They lived in Mississippi at the time this photograph was taken, having recently relocated from their farm in Alabama. The photo was one of many thousands taken by a man named Lewis Hine during his career. Mr. Hine was employed by the National Child Labor Commitee for a decade to document the conditions faced by kids working in mills, glass factories, coal mines, and other urban occupations. His photos from this period are always interesting, and very often emotionally moving.
Often accompanying the photos are short captions identifying the conditions and working hours of the people photographed. Too, there are sometimes quotes from the subjects of the pictures - as there is with this photo. The three girls in the front row worked in a textile mill. He quotes one of them as saying,
"We all like the mill work better'n the hot sun on farm".
It's a simple quote, but one that illustrates some things that most people forget in this day and age. Here are some random thoughts that bubbled up when I read that quote....
1. Modern people look at child labor, and harsh industrial working conditions in general, as an anomaly. In truth, our current standards of safety and luxury are the anomaly. Throughout most of recorded history the lives these people lived were the norm - even for children. Kids began work at the age of 6 or 7, and were expected to do an adult's share of labor by the time they were 12 or 13 years old. This was common not only after the industrial revolution but preceding it as well, on farms and ranches all over the world.
If you were a kid back in those days, you were going to work - and work very hard. Usually 12 hours a day 6 or 7 days a week. The only question was where you would be working and for how much.
2. People today look at the conditions faced by "the poor" in early industrial settings and see it as evil perpetrated on the masses by rich fat cats building their empires on the backs of poor laborers. To some extent, that is true - in that the farther up the chain you went the better the conditions and higher the rewards.
However, it is extremely important to remember that no one forced these families to leave the farming communities they lived in previously and flock by the thousands to urban areas to work in mills and mines. They did so largely because, as harsh as those industrial conditions were by our standards today, they were a damned sight better than life they had led before. The pay was better, the conditions were better, and they benefitted greatly from the shift. That was the whole reason they made the move.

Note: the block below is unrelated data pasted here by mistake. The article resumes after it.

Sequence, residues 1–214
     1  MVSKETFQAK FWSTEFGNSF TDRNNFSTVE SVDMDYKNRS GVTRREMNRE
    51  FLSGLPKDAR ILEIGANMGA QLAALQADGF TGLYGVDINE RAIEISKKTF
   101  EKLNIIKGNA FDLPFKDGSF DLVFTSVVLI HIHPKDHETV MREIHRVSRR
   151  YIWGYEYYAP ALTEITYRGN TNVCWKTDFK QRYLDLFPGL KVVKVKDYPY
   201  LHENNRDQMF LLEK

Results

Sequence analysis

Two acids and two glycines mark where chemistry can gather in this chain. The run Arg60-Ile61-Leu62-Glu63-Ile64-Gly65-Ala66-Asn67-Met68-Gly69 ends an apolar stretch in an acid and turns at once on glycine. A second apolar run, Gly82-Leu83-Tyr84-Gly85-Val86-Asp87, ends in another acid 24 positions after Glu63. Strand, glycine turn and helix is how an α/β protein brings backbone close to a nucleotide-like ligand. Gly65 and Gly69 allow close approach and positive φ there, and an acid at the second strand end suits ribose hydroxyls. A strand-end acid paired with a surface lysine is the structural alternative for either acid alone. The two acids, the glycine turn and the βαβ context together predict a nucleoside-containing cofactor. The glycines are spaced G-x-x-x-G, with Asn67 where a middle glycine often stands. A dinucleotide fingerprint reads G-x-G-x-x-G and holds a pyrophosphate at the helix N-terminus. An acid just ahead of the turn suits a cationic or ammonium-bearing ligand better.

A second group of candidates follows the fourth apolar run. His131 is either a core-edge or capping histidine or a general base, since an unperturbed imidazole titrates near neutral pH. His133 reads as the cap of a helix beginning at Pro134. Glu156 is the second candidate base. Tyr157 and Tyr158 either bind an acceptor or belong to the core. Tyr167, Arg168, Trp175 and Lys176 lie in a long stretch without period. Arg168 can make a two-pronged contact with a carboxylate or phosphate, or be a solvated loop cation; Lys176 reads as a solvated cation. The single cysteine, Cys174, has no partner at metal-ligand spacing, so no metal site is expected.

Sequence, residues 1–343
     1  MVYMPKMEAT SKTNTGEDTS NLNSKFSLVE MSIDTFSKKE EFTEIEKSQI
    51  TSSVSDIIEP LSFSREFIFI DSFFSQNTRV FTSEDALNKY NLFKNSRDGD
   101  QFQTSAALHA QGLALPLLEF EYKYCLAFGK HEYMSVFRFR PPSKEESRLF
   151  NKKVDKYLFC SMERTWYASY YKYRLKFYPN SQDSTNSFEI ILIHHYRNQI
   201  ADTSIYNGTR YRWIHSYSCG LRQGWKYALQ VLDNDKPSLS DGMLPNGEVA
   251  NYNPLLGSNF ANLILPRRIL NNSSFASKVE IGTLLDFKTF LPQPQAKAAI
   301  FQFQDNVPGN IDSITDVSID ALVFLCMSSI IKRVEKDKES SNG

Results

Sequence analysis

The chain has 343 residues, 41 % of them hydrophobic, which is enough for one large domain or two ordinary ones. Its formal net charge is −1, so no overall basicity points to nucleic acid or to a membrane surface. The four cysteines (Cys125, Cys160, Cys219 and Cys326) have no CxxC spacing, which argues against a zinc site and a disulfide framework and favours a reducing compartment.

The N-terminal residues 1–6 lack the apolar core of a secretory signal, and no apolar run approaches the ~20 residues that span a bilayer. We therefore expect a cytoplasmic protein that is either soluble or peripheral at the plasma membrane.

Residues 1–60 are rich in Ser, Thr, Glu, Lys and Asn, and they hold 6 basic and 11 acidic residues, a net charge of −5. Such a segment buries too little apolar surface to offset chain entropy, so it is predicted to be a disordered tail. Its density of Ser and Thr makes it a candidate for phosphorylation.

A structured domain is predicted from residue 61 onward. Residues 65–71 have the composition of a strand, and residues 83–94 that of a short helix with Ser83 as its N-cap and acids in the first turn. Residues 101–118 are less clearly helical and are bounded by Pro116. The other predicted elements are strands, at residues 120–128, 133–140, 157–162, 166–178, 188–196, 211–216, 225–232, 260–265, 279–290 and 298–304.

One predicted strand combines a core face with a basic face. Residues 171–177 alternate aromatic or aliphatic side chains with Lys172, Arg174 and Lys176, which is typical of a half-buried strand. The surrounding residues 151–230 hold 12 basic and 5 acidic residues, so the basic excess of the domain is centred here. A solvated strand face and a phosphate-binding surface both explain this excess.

3. Much is made today about the next generation no longer moving forward and "having it better" than the generation before. This may be true from a narrow, static, monetary number based view. However, what is often ignored is the overall quality of life faced by people today compared to just a short time ago. The "poor" today often have cell phones, televisions, multiple automobiles, computers, .... Just a short 50 years ago there were large areas of the country that didn't have indoor plumbing and electricity.
I'm not rich by any modern measure. I would probably fit into the "lower middle class" category if I were to quantify it. However, a short walk around my house will find conveniences that would have amazed my Grandfather - and even my Parents - had they been described to them when they were young. Truth be told, if you walked around the home of a modern "poor" person you would find many aspects of their living conditions that would make a middle class person of the past green with envy.
4. Hunger in America is supposed to be an awful problem. I hear about it on the radio and TV several times a day. Oddly enough, Obesity is also supposed to be an awful problem too....
I hear directors of food banks declaring emergencies over the "growing problem" of hunger in America because no matter how much food they give away it never seems enough to satisfy the demand. No one stops to consider for a moment that when you give stuff away for free..... people will take it. Doesn't matter what it is and it doesn't matter whether the recipients "need" it or not. You give it away, someone will take it. That fact seems to elude people for some reason.
We have a population over 300,000,000 in the US right now. If hunger were such a dire problem, don't you imagine that someone, somewhere, would die of starvation at some point?... Just doesn't happen. Even the tiny number of people who starve due to some sort of psychological condition (anorexia, etc.), or kids dying from abusive restriction of food by their parents is so statistically small as to not even register. People just don't die in America because of lack of affordable food. Even the CDC reports that low income and "poor" kids are more likely to be obsese than their financially better off counterparts.
Food banks do serve an important purpose by helping people out in the short term that are down on their luck. However, the "Hunger in America" agenda is largely a solution in search of a problem.
None of the above should be construed as an indication that I am in favor of child labor, think there's no such thing as a poor person, or don't appreciate the fact that hard times effect people in unpleasant ways. I contribute to several charities, though I don't walk around wearing it on my sleeve or openly promoting that fact.
Life can be hard. It can be even harder at times. That's the nature of life. Utopian dreams of magically, or forcefully, making everything equal and "fair" always fall short in their result when compared to the initial dream. Often tragically so.
I guess what I'm trying to get across here is that with all the class envy being bantered about in public discourse these days its important to have some perspective when trying to sort it all out.